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Are we in danger of a second COVID wave?

Updated: Jan 13, 2023

✦ Don't forget those dark and desperate days


Cast your mind back three years to the start of 2020. The world was certainly a different place at that time. Then, seemingly out of nowhere, COVID-19 well and truly pulled the rug from under the feet of the world’s population, bringing all four corners of the planet to its knees in the process.

We have, admittedly, all but completely returned to normality during the past 9-12 months but we must not forget how painstaking and heartbreaking the deepest, darkest days of the pandemic were; times when we were forced to hide behind face masks, to stay behind locked doors, unable to visit even local stores and supermarkets in some cases, let alone family members and loved ones. Many people died as a direct or indirect of result of COVID and the world economy could be heard creaking from Tokyo to London, Frankfurt to New York, Hong Kong to Sydney and back again.


Time is a curious healer and retrospective analysis can be tainted. However, we should always remember, learn and react to periods of adversity and anguish – it is critical as it allows humanity to improve, progress and develop. It’s safe to say COVID was unprecedented and we absolutely must not forget its far-reaching, devastating and suffocating impact during those dark and desperate days.

We we in danger of a second COVID wave? Brilliant Online

Those that bothered to trace the origins of COVID in the search for some kind of answer, even a slither of clarity as to how it came about and was able to spread across the world like wildfire, all understood it was reckless and irresponsible policy decisions made at the highest level of Chinese government. Once doctors and scientists based in China had managed to analyse the mysterious virus emanating from the wet markets of Wuhan, they warned their superiors, strongly urging to close the country’s borders until it could be contained and better understood. Staggeringly these very same expert practitioners were ‘silenced’ by the communist regime – some literally told to hush ‘or else’, others simply ‘disappearing’, some even tragically succumbing to the effects of the virus. Flights continued to leave the country to all parts of the globe, taking the rampaging virus with it. Sadly, we all know how the story then unfolded.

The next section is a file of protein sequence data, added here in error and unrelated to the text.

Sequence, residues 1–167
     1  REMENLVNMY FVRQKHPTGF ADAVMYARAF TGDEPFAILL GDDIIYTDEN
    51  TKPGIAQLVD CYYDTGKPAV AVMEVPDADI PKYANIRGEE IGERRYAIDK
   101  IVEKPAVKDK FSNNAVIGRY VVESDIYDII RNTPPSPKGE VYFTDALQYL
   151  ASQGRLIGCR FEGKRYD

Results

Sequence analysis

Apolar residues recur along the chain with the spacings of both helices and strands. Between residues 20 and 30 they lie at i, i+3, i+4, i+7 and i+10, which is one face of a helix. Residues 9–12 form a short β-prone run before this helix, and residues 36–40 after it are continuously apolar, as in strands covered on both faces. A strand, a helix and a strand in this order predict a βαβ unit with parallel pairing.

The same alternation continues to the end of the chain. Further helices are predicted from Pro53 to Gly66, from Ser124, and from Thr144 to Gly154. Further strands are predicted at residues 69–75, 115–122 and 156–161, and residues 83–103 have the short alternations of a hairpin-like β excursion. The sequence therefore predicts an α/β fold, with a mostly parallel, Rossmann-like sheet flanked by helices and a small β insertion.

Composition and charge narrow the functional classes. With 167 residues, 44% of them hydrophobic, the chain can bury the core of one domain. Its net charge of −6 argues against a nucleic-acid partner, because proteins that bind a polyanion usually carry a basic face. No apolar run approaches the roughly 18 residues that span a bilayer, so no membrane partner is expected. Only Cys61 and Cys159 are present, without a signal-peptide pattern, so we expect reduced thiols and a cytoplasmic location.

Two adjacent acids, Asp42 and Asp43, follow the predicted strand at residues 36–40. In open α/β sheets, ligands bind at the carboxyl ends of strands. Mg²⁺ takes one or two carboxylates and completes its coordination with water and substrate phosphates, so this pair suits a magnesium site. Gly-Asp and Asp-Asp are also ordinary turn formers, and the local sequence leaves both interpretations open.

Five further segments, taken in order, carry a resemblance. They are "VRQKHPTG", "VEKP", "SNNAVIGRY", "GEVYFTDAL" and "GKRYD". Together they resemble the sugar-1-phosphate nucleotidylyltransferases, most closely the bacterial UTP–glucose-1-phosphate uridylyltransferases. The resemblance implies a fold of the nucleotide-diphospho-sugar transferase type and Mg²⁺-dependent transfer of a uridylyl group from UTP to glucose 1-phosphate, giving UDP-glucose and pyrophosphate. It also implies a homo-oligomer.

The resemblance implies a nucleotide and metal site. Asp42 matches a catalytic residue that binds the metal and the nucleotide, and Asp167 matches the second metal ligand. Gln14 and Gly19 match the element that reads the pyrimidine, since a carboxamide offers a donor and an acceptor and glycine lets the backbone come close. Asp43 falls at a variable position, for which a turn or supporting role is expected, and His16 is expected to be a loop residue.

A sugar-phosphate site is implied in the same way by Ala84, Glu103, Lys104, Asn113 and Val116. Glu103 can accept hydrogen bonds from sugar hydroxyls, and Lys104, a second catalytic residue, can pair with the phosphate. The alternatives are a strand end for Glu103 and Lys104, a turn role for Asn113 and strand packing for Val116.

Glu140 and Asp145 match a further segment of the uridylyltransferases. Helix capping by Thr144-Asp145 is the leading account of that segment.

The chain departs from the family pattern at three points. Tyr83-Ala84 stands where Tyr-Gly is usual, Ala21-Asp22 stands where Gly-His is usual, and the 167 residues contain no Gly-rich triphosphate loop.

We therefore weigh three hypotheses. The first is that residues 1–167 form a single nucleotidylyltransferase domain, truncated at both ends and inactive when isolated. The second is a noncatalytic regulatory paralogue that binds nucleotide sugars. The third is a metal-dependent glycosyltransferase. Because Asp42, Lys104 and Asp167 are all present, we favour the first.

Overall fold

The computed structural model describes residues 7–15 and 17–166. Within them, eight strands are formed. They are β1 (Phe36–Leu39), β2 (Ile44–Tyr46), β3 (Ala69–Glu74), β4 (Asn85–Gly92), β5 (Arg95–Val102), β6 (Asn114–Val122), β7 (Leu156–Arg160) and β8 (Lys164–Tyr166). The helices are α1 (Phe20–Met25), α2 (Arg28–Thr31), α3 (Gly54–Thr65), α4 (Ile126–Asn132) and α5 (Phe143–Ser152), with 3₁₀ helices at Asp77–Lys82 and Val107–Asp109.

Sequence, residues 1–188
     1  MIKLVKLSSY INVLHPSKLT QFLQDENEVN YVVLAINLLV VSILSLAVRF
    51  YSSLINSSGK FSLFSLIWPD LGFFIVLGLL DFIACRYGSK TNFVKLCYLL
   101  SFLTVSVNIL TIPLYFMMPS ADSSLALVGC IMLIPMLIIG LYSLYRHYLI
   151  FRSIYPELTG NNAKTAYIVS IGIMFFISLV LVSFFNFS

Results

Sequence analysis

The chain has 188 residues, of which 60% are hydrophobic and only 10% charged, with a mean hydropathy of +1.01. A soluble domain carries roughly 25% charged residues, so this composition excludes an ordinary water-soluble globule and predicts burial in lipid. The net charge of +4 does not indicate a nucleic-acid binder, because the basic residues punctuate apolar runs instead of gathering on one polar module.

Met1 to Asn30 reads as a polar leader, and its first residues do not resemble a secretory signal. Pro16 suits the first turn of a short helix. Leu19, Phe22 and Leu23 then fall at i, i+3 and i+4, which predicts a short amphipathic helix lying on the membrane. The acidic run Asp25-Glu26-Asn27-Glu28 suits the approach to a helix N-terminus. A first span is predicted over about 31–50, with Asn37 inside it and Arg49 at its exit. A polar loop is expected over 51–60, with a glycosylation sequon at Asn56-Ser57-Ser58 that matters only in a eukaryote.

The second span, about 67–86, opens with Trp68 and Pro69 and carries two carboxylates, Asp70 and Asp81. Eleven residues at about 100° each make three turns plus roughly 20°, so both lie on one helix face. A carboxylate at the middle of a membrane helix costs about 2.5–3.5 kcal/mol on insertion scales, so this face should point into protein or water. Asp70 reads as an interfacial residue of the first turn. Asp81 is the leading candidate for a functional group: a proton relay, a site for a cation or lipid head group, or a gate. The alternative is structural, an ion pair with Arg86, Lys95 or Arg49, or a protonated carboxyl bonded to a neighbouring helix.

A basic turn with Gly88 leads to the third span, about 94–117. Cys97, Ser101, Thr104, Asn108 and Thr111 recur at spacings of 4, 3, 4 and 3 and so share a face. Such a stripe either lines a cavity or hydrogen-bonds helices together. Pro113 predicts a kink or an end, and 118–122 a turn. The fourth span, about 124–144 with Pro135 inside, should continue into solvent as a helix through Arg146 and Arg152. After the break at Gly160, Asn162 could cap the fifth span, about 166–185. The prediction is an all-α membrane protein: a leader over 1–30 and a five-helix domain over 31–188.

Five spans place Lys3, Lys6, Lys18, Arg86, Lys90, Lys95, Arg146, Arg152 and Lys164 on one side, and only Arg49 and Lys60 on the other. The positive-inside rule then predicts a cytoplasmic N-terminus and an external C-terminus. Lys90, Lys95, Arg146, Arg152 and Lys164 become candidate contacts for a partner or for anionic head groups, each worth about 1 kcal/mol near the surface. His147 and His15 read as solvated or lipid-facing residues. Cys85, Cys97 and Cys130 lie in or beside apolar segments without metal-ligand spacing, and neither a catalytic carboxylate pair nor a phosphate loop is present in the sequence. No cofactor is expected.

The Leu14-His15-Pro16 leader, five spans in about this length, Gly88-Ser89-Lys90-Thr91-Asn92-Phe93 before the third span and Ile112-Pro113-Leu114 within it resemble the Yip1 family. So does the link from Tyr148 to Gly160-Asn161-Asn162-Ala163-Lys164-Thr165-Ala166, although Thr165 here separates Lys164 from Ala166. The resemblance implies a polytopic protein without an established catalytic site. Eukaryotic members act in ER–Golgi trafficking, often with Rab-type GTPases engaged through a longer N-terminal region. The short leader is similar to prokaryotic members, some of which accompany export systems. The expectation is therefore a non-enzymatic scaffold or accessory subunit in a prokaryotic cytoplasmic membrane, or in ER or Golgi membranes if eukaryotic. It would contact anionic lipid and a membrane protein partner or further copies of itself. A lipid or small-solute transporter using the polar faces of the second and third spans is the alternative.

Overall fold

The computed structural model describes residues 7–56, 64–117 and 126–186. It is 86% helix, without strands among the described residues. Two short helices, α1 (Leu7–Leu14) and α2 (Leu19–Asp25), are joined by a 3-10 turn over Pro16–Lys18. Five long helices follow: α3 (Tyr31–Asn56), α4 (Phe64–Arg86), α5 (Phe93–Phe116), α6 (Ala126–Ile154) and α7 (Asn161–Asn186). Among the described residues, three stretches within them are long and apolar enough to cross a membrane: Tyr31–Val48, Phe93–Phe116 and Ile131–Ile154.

Over time, the majority of the world managed to contain the virus as best as possible, with vaccines and robust health care measures the key drivers. But it certainly took its toll. Ironically, China seemed to fare ok during the first 24 months, claiming minimal figures despite possessing the world’s largest population.


Following their unscrupulous reactions in the early days, it was, however, genuinely hard to trust anything their government revealed, including data and statistics on infection and fatality rates. However, in the past six months China has seen numbers sky rocket to the extent that President Xi Jinping introduced a draconian “zero-COVID” policy that saw cities completely locked down and the entire population effectively held to ransom. It was so acute that we even witnessed widespread discontent culminating in riots in the likes of Beijing and Shanghai, something not seen in the country since the infamous 1989 Tiananmen square incident. The official word from the top was that it was impossible to contain the spread, that testing and tracking of numbers would be eliminated and there was no accurate indication as to what kind of mutations and variants would arise in time.


Scary stuff.


It is therefore nigh on impossible to choose the correct words when describing the decision made on December 26 2022 by the Chinese government to not only lift the zero-COVID policy but to officially reopen its borders to inbound and outbound travel and abolish quarantine from January 8, 2023.


China lifted zero COVID policy on 26 December 2022  | Brilliant-Online Magazine

Ahem, yes, that’s right. At a time when a renowned clandestine country was freely admitting the virus was out of control, it likewise decided to allow that problem to leave its borders once again to pose a very real threat to the rest of the world. Irresponsible, reckless and truly staggering.